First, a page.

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This post has been modified to reflect new information since its original publication.
How far down the page do you look when you google someone? For most people, it’s not very far; in fact, roughly 90% of searchers don’t click on results past the first page.
So what do you do if your name doesn’t show up at the top of your Google search? Not appearing in the search results can make you look unprofessional or untrustworthy. Plus, if people can’t find accurate and useful information about you, they will be left to draw conclusions about you based on nothing at all—or worse—based on inaccurate, outdated, or otherwise harmful content.
Luckily, there are simple and effective steps you can take to maximize your chances of appearing at the top of a Google search, even if you don’t know the first thing about online reputation management or search engine optimization (SEO) techniques.
1. Create a profile on the main social networks
Social profiles carry a lot of weight and often appear at the top of the search results for an individual’s name. To take advantage of this key real estate, you should create profiles for the biggest sites, including LinkedIn, Facebook, and Twitter, and make sure you use your name in the handles and profile URLs.
For instance, your Twitter username (or handle) should be something like @yourname. On Facebook, make a limited public profile and claim your own custom URL with your name as the address, like this: www.facebook.com/yourname.
2. Start a website for yourself
If you haven’t done so already, sign up with a web hosting company or personal branding service, like our ReputationGrower solution, which creates a basic website for you.
Be sure to name your site www.yourname.com or something similar so that it will rank highly in the results when people search for you online.
Next, you want to add content to your website. Start with a short biography of yourself and a photo. The biography should include your name a few times, but don’t overdo it—it should read naturally. (If you’re web-savvy, you should also consider marking up your biography with structured data like schema.org or another standard syntax.)
It’s also good to have non-biographical information on your site that searchers will find useful. For example, you could post a couple of short articles about topics you’re interested in or that are relevant to your profession.
Just make sure the content is interesting and unique (don’t copy it from somewhere else). It’s also important to write something substantial. Google prefers sites that have longer articles, 800 words and up, over sites with short snippets.
3. Optimize for keywords
Keywords are terms that help search engines decipher the content of sites. For instance, if you’re a pediatrician named John Doe, someone might search for “john doe doctor.” The word “doctor” would be a keyword associated with your name, and Google would look for the word “doctor” on your website.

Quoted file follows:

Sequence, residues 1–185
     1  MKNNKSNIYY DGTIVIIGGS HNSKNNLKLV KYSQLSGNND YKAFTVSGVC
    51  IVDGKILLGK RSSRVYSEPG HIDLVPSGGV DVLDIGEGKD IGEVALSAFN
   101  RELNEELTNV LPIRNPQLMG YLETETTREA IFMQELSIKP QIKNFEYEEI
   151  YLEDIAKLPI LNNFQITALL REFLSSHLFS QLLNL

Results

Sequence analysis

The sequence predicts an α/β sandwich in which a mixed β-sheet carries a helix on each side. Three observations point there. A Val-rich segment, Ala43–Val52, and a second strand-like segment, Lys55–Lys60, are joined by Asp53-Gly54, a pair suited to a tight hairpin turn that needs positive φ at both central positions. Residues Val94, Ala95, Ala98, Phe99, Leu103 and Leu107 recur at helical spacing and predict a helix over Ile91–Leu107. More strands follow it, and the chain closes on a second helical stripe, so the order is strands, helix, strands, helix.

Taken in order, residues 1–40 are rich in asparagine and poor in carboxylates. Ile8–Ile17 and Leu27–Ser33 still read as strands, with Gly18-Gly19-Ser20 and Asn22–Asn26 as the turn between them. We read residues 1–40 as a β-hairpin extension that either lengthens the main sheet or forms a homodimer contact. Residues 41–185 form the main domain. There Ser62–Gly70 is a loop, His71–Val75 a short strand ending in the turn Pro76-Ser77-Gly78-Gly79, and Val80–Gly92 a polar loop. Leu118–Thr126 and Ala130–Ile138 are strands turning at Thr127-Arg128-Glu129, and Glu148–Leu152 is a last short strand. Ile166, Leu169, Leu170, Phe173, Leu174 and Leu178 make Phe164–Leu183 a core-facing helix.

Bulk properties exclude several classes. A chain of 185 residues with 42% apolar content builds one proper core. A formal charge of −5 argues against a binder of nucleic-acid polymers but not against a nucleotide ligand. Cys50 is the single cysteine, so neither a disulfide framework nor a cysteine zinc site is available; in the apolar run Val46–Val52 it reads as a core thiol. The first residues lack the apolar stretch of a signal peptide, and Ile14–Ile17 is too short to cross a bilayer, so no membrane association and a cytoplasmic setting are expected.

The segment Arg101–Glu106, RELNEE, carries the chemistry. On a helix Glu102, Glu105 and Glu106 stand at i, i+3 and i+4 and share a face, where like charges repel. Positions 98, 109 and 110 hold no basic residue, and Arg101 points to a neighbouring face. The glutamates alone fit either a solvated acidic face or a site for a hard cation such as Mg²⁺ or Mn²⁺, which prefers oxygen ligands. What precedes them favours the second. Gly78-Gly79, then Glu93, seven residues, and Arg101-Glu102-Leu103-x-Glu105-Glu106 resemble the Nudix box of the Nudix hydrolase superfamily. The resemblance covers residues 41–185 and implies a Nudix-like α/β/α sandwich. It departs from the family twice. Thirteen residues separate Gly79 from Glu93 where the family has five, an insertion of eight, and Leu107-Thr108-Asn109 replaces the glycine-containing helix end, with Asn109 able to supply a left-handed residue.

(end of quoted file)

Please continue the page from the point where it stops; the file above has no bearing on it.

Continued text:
Of course, that doesn’t mean your site will show up for any term just because it appears on your website. Context is key. That’s why it’s a good idea to write some articles for your website that are on topics that you’d like to be associated with.
For example, Dr. John Doe might write about childhood nutrition, growth milestones, tips for new mothers, and so on. (You can also do a bit of keyword research to figure out which topics will deliver the most bang for the buck, but this isn’t necessary if you have virtually no web presence.)
As more people click on your site when searching for these related terms, Google will start to associate these terms with your name and gain confidence that your site is actually about you.
However, it’s important to not overdo it with keywords. Back in the early days of the web, you could rank just by listing your favorite term (say, “water filtration systems”) over and over. But modern search engines rate websites based on how useful they are to searchers, not how many keywords they contain. As such, the best way to rank highly is to create well-written content on topics that are relevant to your life.
4. Start cultivating site links
When it comes to deciding how to rank websites in their results pages, search engine algorithms prioritize sites that other websites link back to. The more websites that link back to your site, the higher your site will rank.
However, search engine algorithms frown on link exchange schemes, so this works best when the links are non-reciprocal. You want sites to link to you without you having to link back to them.
There are a few ways to start generating site links:
- Post your content to social media—The more other people see your content and share it with others, the more likely someone will link to you.
- Write a guest blog post—If you are a strong writer, you can approach a blog for your industry and ask to do a guest post on a topic that interests you.
- Support a good cause—Many charities and nonprofit groups will provide a link back to your site in exchange for your contributions.
- Sign up for professional directories—If your industry has professional organizations that list members on their websites, see if you can get them to link to you.
For more information about establishing a robust online presence, give us a call. We are happy to offer free advice about the best steps to take for your particular situation.